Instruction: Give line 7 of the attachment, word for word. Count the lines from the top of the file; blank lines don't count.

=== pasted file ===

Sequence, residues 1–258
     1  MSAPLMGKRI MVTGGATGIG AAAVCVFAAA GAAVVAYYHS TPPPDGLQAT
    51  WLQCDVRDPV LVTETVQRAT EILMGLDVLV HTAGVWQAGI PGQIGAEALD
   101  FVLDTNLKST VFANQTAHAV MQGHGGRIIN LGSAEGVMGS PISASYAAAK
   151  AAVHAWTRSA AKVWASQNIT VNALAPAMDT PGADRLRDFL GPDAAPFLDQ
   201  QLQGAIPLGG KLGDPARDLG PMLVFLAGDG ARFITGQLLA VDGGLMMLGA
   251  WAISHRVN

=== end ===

   251  WAISHRVN